54

I tried the following on the command prompt in bash:

sudo cat << EOF > /etc/yum.repos.d/some-name.repo
#Content
#....
#...
EOF

It complained :

-bash: /etc/yum.repos.d/some-name.repo: Permission denied

Then I did sudo su and tried the exact same thing except the sudo before cat, and it worked without any problem. What am I missing in the above ?

88

Output redirection (e.g., >) is performed by bash, not by cat, while running with your UID. To run with root's UID use sudo:

sudo bash -c 'cat << EOF > /etc/yum.repos.d/some-name.repo
line1
line2
line3
EOF'
| improve this answer | |
  • The part I don't understand is that I am already using a bash prompt, then why I need abash -c. – iamauser Sep 16 '13 at 20:48
  • 1
    Because in this case redirection will be performed by bash started with "root" uid that have enough rights to write to /etc/yum.repos.d/. – Yuriy Nazarov Sep 16 '13 at 20:51
  • 1
    You can use any other utility that redirect output. For example "cat << EOF | sudo tee /etc/yum.repos.d/some-name.repo" – Yuriy Nazarov Sep 16 '13 at 20:53
39

Another option is tee.

cat << EOF | sudo tee -a /etc/yum.repos.d/some-name.repo
...
EOF
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  • 43
    This is useless use of cat. Better do: sudo tee -a /etc/yum.repos.d/some-name.repo <<EOF – mirabilos Dec 23 '13 at 23:15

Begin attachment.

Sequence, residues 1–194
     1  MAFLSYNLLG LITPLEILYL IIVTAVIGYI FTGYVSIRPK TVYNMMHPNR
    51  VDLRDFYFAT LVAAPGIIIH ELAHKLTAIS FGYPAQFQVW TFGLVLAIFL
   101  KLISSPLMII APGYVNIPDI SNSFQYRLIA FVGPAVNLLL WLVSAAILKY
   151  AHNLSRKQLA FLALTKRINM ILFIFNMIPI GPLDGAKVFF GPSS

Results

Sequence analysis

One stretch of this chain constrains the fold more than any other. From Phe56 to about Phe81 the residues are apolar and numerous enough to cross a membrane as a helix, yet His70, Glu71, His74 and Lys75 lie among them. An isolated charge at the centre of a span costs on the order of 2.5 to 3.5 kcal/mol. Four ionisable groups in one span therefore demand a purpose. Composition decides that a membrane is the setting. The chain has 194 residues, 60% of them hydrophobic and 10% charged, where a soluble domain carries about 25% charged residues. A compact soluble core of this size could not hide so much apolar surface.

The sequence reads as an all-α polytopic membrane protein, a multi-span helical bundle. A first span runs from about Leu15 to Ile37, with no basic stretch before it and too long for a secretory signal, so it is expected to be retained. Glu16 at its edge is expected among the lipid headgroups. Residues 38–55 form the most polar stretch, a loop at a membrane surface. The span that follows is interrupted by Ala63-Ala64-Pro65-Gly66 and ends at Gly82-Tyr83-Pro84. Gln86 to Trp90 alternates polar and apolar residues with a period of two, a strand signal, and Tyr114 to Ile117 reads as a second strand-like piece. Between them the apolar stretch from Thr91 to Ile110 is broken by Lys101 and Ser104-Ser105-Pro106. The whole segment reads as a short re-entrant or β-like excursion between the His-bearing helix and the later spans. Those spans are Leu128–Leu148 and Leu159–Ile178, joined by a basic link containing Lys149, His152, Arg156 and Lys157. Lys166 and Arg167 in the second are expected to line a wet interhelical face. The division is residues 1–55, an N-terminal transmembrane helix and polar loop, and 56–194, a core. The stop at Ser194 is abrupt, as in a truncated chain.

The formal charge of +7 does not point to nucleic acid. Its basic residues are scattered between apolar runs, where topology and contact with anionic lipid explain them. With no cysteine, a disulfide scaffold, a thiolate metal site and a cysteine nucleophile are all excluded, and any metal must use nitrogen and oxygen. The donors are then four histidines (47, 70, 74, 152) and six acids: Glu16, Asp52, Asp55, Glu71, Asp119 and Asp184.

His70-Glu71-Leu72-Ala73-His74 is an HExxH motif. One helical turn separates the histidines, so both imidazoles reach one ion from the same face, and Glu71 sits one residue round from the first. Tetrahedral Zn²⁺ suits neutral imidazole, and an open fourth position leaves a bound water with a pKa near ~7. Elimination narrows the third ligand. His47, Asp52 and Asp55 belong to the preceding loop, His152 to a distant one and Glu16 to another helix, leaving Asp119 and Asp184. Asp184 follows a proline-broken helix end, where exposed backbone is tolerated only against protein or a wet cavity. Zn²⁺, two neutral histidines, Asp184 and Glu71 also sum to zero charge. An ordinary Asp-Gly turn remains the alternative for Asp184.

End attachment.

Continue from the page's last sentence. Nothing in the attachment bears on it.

• @BrunoBronosky That's actually just because you put the << EOF in the wrong place. – John Kugelman Apr 5 at 14:15
21

As a variation to @Yuriy Nazarov's answer, only the piped output needs to be elevated thru sudo. The piped input can stay un-elevated:

sudo bash -c 'cat > /etc/yum.repos.d/some-name.repo' << EOF
line1
line2
line3
EOF

This means a much smaller portion of the command needs to be quoted and sent thru to sudo.

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  • This was a huge improvement over the accepted answer in my case, since my piped output was full of variables and shebangs and stuff. – Chuck Wilbur Apr 1 at 18:17
11

As others have pointed out the shell redirection is done by the current shell not by cat. sudo only changes the permission of the program that is executed not of the shell doing the redirect. My solution to this is to avoid the redirect:

sudo dd of=/etc/yum.repos.d/some-name.repo << EOF
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3

if you are using ' inside the text then you may use:

$ sudo bash -c "cat > /etc/postfix/mysql-virtual_forwardings.cf << EOF
user = mail_admin
password = password
dbname = mail
query = SELECT destination FROM forwardings WHERE source='%s'
hosts = 127.0.0.1
EOF
"

this is tested on google cloud's virtual server centos 7.0

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